Justice Department Takes Google to Trial in Largest Anti-Trust Case in Decades

In mid-September, a federal judge began hearing claims from the Department of Justice and a group of states that Google abused its power as a monopoly over online search services. The case, US et al. v. Google, first filed in 2020, is the biggest anti-trust case in decades, perhaps since the Justice Department took Microsoft to court in 1998, and the first major monopoly trial of modern internet era. In the Microsoft case, the judge ordered the company be split in two, but that ruling was largely reversed on appeal. This case centers on claims that Google illegally squashed competition and stifled rivals by paying Apple and other companies to make its internet search engine the default on the iPhone and other devices and platforms, further cementing its dominance. The Justice Department argues that Google maintained a monopoly through such agreements, making it harder for consumers to use other search engines. For its part, Google says that deals with Apple and others were not exclusive and that consumers could alter the default settings on their devices to choose alternative search engines. The trial is expected to last around two months. If the court rules against Google, the firm could face financial penalties, conduct mandates, or other remedies, but legal experts say that an order to “break up” the tech giant is unlikely.

AI & Tech Leaders Meet with Senate on AI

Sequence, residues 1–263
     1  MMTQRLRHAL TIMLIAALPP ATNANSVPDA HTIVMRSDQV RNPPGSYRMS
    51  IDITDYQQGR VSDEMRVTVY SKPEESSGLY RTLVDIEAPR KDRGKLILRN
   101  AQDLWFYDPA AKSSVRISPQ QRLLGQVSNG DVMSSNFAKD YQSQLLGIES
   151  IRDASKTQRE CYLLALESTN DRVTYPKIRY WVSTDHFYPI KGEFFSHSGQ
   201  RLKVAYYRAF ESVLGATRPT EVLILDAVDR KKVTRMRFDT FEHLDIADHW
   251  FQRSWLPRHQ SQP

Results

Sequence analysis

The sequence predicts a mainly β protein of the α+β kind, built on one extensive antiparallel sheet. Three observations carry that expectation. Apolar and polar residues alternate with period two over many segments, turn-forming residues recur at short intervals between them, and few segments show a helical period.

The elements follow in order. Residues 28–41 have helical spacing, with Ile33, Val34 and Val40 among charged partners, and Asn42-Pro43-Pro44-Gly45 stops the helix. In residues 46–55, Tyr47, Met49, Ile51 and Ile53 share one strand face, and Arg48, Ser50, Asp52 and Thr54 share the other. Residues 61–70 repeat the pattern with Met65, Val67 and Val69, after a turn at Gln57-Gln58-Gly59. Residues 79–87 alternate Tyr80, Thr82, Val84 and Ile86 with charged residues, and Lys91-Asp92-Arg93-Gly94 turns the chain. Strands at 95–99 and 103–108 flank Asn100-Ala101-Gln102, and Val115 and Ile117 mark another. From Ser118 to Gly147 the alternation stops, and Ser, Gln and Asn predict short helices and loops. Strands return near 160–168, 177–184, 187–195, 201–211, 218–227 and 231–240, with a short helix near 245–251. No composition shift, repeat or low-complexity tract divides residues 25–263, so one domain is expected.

On September 13, over twenty of the most proment tech leaders, builders of artificial intelligence (AI) models and systems, civil rights advocates and labor leaders gathered in Washington to participate in Senate Majority Leader Chuck Schumer’s AI Insight Forum and briefed members of the United States Senate on the development and deployment of artificial intelligence. More than 60 senators showed up to the forum, which featured tech giants such as: Elon Musk of Tesla and X, current and former Microsoft CEOs Satya Nadella and Bill Gates, respectively, Alphabet’s (the parent company of Google) Sundar Pichai, Meta’s Mark Zuckerberg, IBM CEO Arvind Krishna, OPEN-AI chief Sam Altman, Nvidia’s Jensen Huang, and labor leader and AFL-CIO labor federation President Liz Shuler. Many of the companies participating in the forum had already endorsed President Biden’s voluntary commitments governing the use of AI. During the Forum, all of the stakeholders present were in unanimous agreement that the government should intervene to avert the potential pitfalls of the evolving technology – but industry and the Senators have stark differences on the shape and scope of future legislation and regulation. During the six-hour closed door session there was little apparent consensus about what a congressional framework should look like to govern AI. Nevertheless, the convening demonstrated an emerging Washington agreement that government must take a strong hand with the new technology — even as the likelihood of immediate action remained low. Schumer stated to reporters following the Forum that “We are beginning to really deal with one of the most significant issues facing the next generation and we got a great start on it today.” Forum co-host, Republican Senator Todd Young, said he believes the Senate is “getting to the point where I think committees of jurisdiction will be ready to begin their process of considering legislation.” Schumer emphasized the need for regulation ahead of the 2024 US general election, particularly around deep fakes… but there is a long way to go.